Sylvia Plath at Smith
Elizabeth Bennett, Carly McIver, and Samantha Ardoin with prize judge
Tracy K. Smith in the Poetry Center (The winner, Haeyeon
Cho was home in Korea and unable to attend.)
to the 2010-2011 competition
Haeyeon Cho (Milton Academy),
for "The Soup
Samantha Ardoin (Phillips
Exeter Academy), for "No Meaning
Bennett (Milton Academy), for "Race Days"
Carly McIver (Marblehead High
School), for "In Which a Past
Shows Visions of the Future and the Mallard Duck Regrets His Choice of
Sara Costello (Milton Academy), for "Pretty Little Thing"
Donaldson (Woodstock Union High School), for "Tactition"
Fitch (Concord Academy), for "Necklace"
Julia Francis (Montpelier
High School), for "To Be Completely Honest"
(Milton Academy), for "Play Girl Play Life"
Alice Hale (Contoocook
Valley Regional High School), for "Crocus Vernus"
(Falmouth High School), for "Apartment 5j"
Carolyn Orosz (Greater
Hartford Academy of the Arts), for "Obituary (or the things it should have
The award carried with it a prize of $500 for the first-place winner,
and the winners read their poems on stage at Tracy K. Smith's spring
poetry reading. Before the reading, the winner and runners-up are also
invited to meet privately with Tracy K. Smith, and to spend an afternoon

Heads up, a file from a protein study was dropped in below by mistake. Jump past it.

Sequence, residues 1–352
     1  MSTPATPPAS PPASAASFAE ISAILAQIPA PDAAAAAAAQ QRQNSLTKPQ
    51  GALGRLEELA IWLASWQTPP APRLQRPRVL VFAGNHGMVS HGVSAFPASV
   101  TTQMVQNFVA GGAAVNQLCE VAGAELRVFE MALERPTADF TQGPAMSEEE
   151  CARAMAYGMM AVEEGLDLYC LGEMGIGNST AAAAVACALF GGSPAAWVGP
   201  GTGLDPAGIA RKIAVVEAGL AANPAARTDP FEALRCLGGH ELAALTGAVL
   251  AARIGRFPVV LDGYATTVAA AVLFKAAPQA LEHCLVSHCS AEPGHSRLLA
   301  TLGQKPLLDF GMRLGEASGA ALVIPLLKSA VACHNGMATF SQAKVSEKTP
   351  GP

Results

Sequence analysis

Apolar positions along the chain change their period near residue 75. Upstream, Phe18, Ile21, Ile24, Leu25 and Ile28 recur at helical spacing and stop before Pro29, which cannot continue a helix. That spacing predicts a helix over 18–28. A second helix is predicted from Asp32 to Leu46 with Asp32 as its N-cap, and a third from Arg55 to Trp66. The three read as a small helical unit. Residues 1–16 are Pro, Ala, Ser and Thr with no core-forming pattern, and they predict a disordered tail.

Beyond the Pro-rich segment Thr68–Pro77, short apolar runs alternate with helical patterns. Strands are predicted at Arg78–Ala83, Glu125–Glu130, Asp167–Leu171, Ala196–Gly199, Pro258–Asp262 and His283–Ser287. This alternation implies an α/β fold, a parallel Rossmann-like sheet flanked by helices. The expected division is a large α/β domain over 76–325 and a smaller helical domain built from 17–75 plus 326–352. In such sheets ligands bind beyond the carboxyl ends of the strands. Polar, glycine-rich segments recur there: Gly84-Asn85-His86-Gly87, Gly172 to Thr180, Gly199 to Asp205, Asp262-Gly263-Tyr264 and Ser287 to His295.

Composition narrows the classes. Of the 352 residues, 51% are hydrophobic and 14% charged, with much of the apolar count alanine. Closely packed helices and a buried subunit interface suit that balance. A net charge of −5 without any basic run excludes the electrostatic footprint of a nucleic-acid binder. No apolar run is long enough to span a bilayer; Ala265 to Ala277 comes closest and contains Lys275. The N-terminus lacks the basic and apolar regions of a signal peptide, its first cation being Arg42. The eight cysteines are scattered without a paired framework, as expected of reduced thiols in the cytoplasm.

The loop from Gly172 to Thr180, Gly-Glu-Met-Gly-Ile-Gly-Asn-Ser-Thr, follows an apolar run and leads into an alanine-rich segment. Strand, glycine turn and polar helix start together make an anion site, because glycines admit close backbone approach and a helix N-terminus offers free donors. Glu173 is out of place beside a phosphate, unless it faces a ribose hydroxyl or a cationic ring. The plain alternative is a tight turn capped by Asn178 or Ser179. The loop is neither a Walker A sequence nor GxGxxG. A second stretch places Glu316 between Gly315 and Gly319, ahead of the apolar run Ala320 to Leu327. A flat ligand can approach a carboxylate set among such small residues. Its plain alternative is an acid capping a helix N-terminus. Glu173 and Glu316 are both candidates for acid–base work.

at Smith, visiting the Poetry Center and meeting with President
The Smith College Poetry Prize for High School Girls is a regionwide
contest open to sophomore and junior girls. Submissions were received from
all parts of New England, and from public, private and home-schooled
students. Tracy K. Smith chose the winning poems from among twenty
finalists, selected anonymously by a committee of students and faculty.
Tracy K. Smith
Tracy K. Smith's poems treat grief and loss, historical
intersections with race and family, and the threshold between childhood
and adulthood, prompting Yusef Komunyakaa to write, "Here's a voice that
can weave beauty and terror into one breath." Joy Harjo has called her
work "a true merging of the ancient roots of poetry with the language of
an age of a different kind of sense." Author of two collections, The
Body's Question and Duende, and recipient of many honors, Smith
teaches creative writing at Princeton.